At the end of the weekend, Alex is driving them back to her home — oh dear, you know your car has a door, right? Sure enough, Bob sees an opportunity and in the wink of an eye he is in the middle of the road, hailing a taxi going in the opposite direction. Got to get my eight hours, is his unlikely explanation.
In a later scene, he does the same to Daniel, when a group of friends descend on them in Daniel’s house and become very tiresome. Unable, unwilling, whatever, to support Daniel in dealing with a not very demanding social situation, he’s gone, down the stairs and out of the door.
The mood is lightened through the depiction of the Hodson household. Bill and Alva are relentlessly liberal, ‘modern’ parents who believe in being open and adult with their noisy demanding precocious brood of five children, including a babe in arms.
In a deftly handled satirical scene, the children descend on Alex and Bob in bed the next morning, saying that they usually watch their parents having a bath. The young boy is smoking pot, which the children know their parents hide in the record cabinet behind Tristan and Isolde. Where else? When Alex looks mildly surprised, he asks her if she’s bourgeois. The eldest girl relentlessly grills Alex about Bob’s temporary absence, showing quite a remarkable awareness of the impact it is having on her. It’s actually preferable to present-day presentations of this type of situation, where Alex would have an outrageous best friend who drinks a lot and tells her to set boundaries.
Quite early in the film, the ground is prepared for Bob’s imminent departure. Messing with the installation he has established in Daniel’s garden, he casually asks if Daniel thinks his work would go down well in America. Unlike Alex, Daniel senses danger. His measured, guarded response and watchful expression is typical of the way he and Alex have to be constantly alert, always ready to pick up crumbs of information, always ready to read Bob’s mood. Alex articulates it only when she is finally ready to let Bob go — the need to be civilised, and not to ask questions, and always having to be careful, and always accepting of the fact that Bob is incapable of giving more than he does.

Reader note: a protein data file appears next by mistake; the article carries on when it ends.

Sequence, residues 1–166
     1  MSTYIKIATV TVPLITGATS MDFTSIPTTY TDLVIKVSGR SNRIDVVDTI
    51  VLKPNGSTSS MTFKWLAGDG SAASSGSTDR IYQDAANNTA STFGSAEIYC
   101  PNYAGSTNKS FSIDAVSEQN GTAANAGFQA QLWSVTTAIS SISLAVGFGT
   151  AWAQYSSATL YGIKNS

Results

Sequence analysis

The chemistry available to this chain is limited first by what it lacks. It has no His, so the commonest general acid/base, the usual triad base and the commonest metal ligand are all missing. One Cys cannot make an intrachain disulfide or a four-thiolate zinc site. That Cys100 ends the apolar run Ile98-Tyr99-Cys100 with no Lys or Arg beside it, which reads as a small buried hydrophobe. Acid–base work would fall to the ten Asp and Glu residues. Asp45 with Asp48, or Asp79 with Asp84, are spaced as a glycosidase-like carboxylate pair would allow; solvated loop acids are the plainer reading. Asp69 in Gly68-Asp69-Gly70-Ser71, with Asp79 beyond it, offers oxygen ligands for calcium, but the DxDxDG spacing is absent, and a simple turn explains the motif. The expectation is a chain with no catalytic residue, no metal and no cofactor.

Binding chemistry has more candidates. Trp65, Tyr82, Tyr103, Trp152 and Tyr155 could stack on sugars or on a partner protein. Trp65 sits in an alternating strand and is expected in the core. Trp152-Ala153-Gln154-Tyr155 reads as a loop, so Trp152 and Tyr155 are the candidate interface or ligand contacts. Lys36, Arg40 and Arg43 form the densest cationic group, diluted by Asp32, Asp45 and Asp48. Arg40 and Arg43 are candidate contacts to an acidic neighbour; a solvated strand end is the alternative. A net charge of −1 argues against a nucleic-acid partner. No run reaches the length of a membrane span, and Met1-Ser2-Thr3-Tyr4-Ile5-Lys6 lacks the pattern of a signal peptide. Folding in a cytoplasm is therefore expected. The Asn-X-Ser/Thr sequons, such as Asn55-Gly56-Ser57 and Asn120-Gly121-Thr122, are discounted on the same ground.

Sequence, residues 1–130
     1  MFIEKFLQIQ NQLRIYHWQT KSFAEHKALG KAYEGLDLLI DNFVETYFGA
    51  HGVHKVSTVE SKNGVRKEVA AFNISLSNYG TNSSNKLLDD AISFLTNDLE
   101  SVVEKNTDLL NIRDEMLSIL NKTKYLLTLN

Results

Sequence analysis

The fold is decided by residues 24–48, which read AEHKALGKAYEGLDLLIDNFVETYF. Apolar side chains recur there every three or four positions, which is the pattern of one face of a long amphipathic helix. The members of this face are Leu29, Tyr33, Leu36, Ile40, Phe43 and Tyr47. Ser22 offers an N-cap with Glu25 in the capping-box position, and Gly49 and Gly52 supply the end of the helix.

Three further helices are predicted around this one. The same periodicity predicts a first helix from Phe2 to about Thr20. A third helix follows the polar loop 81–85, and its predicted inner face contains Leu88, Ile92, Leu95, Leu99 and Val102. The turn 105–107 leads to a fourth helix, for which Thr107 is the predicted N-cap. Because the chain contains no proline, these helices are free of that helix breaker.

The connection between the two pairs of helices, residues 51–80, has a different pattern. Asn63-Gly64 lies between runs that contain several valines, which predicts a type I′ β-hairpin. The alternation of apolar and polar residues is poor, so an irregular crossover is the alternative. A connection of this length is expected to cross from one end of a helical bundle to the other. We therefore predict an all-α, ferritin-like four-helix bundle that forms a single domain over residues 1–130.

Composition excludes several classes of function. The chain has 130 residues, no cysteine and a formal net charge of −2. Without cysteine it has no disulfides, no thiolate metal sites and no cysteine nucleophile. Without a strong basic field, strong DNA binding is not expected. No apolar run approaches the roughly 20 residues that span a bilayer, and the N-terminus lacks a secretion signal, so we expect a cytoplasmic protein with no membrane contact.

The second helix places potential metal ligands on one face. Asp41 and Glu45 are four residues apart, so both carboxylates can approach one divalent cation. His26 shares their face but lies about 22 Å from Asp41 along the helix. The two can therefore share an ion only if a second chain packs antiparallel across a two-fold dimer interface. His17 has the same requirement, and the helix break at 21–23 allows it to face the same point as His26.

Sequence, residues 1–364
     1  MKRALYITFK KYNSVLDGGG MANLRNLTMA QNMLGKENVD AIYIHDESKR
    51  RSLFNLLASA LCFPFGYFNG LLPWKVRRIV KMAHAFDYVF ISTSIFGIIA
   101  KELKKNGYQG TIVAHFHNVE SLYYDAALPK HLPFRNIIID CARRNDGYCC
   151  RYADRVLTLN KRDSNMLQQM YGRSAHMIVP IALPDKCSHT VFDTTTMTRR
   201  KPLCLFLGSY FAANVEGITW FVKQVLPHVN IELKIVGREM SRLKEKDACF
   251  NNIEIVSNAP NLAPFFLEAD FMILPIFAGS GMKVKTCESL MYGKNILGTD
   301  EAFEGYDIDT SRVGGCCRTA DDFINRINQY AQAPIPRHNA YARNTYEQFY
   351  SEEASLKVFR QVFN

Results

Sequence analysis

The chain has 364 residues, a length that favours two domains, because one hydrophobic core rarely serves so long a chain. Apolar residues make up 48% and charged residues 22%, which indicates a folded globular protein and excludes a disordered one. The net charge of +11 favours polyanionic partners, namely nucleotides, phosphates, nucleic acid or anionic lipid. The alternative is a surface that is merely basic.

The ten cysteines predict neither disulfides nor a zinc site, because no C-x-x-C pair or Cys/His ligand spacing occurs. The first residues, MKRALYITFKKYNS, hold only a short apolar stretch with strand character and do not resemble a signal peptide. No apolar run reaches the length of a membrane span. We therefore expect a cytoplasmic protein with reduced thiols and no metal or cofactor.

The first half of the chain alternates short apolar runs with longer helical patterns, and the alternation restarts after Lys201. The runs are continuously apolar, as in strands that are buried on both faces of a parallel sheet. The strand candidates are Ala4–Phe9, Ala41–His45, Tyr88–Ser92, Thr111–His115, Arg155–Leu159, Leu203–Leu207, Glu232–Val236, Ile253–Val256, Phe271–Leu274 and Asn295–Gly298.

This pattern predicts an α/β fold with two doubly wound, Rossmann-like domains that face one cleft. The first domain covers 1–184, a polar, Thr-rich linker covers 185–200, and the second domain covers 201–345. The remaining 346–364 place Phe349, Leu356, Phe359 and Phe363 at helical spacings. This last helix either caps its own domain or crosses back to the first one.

Alex will survive Bob, we feel. Well, there she is, Glenda Jackson with her wonderful bobbed hair and sharp line in polo necks and knee-high boots and her wry awareness of the absurdities of life and love. Look at the range of expressions that flit across her face in the scene where she and Daniel meet for the first and probably last time.
It’s shortly after Bob’s departure. Daniel is leaving the Hodsons’ house and Alex is on the point of crossing the road to enter. She sees Daniel, pauses, and is about to duck out of the encounter. Then her expression changes and you see her make the decision to style it out, her mouth twisted in an amused acceptance of the situation. She shakes hands with Bob’s other abandoned lover, and they exchange a few words. This brief scene encapsulates the essence of the film, in which urbane, civilised behaviour co-exists with emotional pain.
Daniel carries that weight
In the end, Daniel carries the emotional weight of the movie. One of the final episodes is his nephew’s bar mitzvah, a splendidly realised succession of scenes, ablaze with colour and warmth. It establishes Daniel’s place in his family and community, and the place of ceremony and tradition and continuity in providing connection and belonging. Daniel inhabits his role in this context with grace and charm, while at the same time experiencing the loneliness of being gay in an unaccepting environment, suppressing the harsh edges of his life such as the earlier unsettling encounter with a dodgy former hook-up, and the need to respond pleasantly to the attempts of friends and family to find him a suitable woman.
Daniel strikes the final note as he addresses the camera and talks about his life. He’s happy, he says. But he misses Bob, that’s all. He misses him. The pain and the yearning are contained and heartbreaking. It’s a magnificent performance by Peter Finch.
The screenplay is credited to Penelope Gilliatt with a lot of input from John Schlesinger and David Sherwin. But you know who might have come up with a similar piece? One of the switchboard operators. Such access to people’s goings-on, so many opportunities to meddle with messages, so many secrets to keep, so many stories to tell. The operator we see in Sunday Bloody Sunday, played by Bessie Love, is tickled by the coincidence that the protagonists share the same service, and as far as we can see doesn’t speculate further. Her knitting progresses apace, though.